Mother Effing Ear Infections - How Do They Work?!
April 26, 2022 6:34 PM   Subscribe

Is there anything more I could be doing for my current ear infection? YANMD, but... AYAD? or NP/RN/PA/long-sufferer with ear infections with wisdom from your own personal experience and ENT? I've had tons of ear infections, but this is a doozy. Extra intensity because I'm holed up in a hotel, waiting for this gorram thing to retreat enough to let me fly home. Many cool, fun, but potentially gross snowflakes below.

I've poked around the otitis media articles on a number of prominent health authorities' websites, and actually just discovered this excellent UpToDate article before posting - it's great! But I don't really see any action items to take from it.

I'm going to provide an awful lot of detail, and the most likely answer I know is: rest, hydrate, take your meds. But if there's any medically-sound-but-off-the-beaten-path advice, or advice for talking to health professionals if/when my second-line treatment fails, that would be great.

Background: I am a grown-ass adult human being who gets tons of ear infections. They almost always happen together with medium-severity upper-respiratory crud, and often if one ear gets infected, the other will follow.

I had an era in my twenties/early thirties when ear infections were pretty common, sometimes multiple times a year, usually with pressure and pain reducing dramatically with draining and feeling 70-80% by day 5 or 6 of a 10-day course of antibiotics. I had one eardrum rupture on a flight in my early twenties. (That still is the most painful thing that has ever happened to me.) I haven't had one in... five years? The last one was also around the time of a big flight, and although I flew with some remaining light pressure in the infected ear, it wound up being ok (thank you, Dreamliner).

What's happening now: Last Wednesday, an ear infection came on just like they usually do - intense, blinding pain for a few hours, then the sweet relief of (what I understand to be) a perforation opening and bloody pus draining out. No redness or swelling around the ear (apart from what gets caused by perpetual washcloth poultices), and just a little tenderness. Multiple-tone ringing, and everything sounded like a horror movie, off-key and twangy. Very typical. (Apart from the fact that I had almost no upper-respiratory crud. My family was full of people with colds, and I had been taking lots of precautions - open windows, washing hands, hydrating, resting. I *did* lose my voice, and I did get a light, nonproductive nighttime cough, so it all makes sense nonetheless. We all tested - and I continue to test - negative for COVID.)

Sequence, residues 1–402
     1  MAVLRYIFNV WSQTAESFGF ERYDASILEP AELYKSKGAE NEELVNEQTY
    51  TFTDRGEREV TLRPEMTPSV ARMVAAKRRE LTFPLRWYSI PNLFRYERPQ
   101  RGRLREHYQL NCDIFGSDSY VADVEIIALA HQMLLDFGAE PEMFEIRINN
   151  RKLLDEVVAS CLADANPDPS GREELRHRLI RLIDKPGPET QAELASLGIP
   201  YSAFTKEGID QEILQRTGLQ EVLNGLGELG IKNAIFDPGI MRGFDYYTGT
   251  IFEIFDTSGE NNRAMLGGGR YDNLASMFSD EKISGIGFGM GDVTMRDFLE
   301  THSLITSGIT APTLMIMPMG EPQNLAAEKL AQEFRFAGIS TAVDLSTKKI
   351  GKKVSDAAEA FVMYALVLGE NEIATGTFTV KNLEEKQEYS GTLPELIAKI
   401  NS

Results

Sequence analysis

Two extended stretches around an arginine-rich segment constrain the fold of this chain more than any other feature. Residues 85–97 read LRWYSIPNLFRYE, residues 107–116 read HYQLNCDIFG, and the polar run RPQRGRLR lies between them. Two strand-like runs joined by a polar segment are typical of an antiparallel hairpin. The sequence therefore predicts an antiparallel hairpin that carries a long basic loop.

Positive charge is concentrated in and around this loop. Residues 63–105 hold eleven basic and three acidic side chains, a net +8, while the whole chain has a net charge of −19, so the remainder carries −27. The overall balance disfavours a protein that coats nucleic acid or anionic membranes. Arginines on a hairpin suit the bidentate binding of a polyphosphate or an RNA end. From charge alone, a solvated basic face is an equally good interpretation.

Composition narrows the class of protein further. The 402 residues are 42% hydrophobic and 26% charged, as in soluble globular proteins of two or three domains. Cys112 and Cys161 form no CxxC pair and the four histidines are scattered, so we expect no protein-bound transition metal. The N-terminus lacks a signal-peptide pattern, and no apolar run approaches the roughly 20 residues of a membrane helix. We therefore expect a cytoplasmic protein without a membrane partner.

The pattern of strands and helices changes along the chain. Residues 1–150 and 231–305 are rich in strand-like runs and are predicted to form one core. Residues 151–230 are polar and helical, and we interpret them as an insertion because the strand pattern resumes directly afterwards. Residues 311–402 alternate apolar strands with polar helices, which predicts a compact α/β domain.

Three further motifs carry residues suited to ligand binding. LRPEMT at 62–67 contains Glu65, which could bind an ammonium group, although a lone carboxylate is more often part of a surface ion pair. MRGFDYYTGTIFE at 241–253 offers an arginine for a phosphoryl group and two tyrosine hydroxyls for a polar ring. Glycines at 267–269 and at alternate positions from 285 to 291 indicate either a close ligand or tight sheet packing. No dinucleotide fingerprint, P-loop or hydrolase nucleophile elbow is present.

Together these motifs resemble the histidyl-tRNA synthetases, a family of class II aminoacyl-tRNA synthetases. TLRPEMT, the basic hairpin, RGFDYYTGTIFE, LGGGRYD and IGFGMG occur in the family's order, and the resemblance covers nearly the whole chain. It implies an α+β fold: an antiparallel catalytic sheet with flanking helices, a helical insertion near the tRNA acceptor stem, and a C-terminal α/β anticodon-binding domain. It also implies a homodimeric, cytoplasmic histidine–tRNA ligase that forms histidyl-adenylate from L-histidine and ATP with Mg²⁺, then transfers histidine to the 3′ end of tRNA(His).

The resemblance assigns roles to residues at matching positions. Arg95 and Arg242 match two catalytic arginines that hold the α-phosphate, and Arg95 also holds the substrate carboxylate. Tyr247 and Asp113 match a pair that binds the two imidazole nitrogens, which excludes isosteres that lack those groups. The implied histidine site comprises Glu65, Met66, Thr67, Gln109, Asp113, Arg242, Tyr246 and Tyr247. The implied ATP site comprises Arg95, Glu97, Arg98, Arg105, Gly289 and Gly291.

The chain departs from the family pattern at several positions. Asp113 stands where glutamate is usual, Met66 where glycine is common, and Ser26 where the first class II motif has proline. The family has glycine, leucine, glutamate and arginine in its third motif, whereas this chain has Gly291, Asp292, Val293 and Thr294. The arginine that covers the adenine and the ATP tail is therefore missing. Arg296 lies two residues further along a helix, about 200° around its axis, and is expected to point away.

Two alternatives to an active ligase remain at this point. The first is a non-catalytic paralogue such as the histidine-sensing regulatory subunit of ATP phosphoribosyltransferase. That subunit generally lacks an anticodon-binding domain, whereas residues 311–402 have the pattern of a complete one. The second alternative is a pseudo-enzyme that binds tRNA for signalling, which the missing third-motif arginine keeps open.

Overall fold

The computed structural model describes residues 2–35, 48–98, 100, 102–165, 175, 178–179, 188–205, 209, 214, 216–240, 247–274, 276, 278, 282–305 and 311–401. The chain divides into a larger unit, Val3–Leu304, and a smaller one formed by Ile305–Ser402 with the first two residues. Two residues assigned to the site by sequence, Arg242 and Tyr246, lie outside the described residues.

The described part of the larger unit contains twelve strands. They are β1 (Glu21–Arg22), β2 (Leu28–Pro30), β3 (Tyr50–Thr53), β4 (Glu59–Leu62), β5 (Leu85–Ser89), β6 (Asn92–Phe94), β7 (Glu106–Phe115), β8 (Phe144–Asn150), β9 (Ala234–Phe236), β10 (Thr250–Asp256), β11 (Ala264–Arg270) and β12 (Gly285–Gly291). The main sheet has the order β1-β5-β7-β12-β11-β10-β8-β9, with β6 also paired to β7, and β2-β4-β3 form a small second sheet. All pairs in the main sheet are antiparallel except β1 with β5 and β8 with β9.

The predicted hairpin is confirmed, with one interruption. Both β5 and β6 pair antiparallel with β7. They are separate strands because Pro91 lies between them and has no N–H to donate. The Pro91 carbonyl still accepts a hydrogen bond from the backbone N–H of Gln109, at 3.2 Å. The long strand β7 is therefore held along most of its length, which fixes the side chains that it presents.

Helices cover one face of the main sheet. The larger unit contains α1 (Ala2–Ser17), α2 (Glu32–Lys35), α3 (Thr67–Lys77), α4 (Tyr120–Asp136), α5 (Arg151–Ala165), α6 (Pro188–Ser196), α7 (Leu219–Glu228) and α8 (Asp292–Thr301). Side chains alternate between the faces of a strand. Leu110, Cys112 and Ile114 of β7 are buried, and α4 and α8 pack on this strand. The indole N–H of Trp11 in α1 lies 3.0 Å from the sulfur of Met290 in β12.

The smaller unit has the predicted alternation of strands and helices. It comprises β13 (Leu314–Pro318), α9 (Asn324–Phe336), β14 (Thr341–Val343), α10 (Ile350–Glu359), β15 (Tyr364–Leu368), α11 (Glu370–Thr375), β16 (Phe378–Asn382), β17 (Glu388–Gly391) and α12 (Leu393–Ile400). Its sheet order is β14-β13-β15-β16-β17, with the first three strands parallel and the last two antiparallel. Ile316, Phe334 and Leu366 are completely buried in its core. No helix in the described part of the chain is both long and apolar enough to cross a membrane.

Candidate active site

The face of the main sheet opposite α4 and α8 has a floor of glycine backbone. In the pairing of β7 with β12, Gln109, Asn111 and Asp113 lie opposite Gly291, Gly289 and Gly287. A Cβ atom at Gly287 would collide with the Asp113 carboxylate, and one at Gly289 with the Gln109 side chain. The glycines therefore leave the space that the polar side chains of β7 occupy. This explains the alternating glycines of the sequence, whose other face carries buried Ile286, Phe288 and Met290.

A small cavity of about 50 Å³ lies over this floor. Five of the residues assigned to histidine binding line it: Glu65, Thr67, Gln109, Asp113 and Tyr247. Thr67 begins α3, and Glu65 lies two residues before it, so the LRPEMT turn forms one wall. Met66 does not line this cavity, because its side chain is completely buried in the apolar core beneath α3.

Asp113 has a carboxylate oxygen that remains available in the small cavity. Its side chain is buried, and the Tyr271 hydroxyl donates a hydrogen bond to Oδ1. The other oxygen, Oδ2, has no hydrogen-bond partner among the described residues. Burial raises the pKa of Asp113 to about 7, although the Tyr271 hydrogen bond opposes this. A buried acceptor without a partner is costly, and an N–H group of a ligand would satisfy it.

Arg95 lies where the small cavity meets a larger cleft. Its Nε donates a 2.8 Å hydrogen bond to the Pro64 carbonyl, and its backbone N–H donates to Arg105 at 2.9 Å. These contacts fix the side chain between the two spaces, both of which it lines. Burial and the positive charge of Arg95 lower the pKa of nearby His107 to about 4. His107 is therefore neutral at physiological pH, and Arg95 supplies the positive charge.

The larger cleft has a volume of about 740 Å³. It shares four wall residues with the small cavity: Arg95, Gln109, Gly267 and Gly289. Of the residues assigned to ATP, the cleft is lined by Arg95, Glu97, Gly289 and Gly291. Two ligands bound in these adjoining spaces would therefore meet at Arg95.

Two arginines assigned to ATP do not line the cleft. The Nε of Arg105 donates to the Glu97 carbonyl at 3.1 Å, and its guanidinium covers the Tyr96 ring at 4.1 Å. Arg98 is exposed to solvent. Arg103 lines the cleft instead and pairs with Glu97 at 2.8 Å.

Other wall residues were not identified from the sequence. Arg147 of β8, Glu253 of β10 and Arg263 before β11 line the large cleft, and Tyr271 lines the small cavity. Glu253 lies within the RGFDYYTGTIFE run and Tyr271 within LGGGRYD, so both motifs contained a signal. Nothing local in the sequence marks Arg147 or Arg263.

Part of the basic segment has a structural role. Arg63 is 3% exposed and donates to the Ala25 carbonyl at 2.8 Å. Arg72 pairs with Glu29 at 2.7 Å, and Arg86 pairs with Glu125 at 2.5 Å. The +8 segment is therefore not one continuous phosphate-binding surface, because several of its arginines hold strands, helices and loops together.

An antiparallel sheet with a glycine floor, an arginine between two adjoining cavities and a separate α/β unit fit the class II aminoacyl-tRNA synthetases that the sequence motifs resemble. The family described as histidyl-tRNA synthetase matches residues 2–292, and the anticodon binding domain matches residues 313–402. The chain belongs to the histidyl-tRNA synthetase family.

I'm on the opposite coast to where I live, and so I went to an urgent care. They prescribed me 500mg of amoxicillin, 2x/day for 7 days. I said, Not Augmentin? They said, No, just this. After 2.5 days, no improvement, pressure began building again, and I went back to urgent care. They said it looked bad and switched me to Augmentin 875 amox/125 clav acid. They said they couldn't see a perforation or infection in the canal, and therefore that ear drops wouldn't be indicated.

After another 2.5 days, no improvement, pressure began building yet again. I called into my health system and was recommended to use Flonase to try to bring down swelling from inside, as well as to ask for a Z-pack. Go into urgent care. Both ears are now infected. GAH. Thankfully, one is imperceptible to me. The other is not fun - full, pressure, sore, hard to "crackle" with swallowing or moving my jaw.

I am now on my third antibiotic in a week, on day 2 of 3 days of 500mg of azithromycin. I can "crackle" my eustachian tube in the bad ear more routinely, but not all the time. No fever, an achy ear but not much pain or tenderness to the touch.

I definitely understand that my first treatment was inadequate (even the urgent care noted that their database recommends putting people on Augmentin from the start), and that switching drugs several times probably hasn't been great for me. But I'm beginning to feel panicky about how long this is taking, and my hotel bills are mounting.

I have never felt this shitty at seven days, except in the one instance that I was an idiot and took Cipro in the middle of the night in a foreign country because ear-infection pain is awful and I had nothing else I could do, not even a washcloth and hot water. A doctor appropriately chastised me, prescribed Augmentin, and then cut me off when it didn't work - it took about a month for the feeling of fullness/soreness and ringing to recede.

I am lucky: my partner and I will be able to cover this cost. But SHEESH would I like to figure out how to get healthy and be able to get home (I've thought about Amtrak, but mildly-sick that wouldn't be good for my health, and it's actually over $1000 for a sleeper).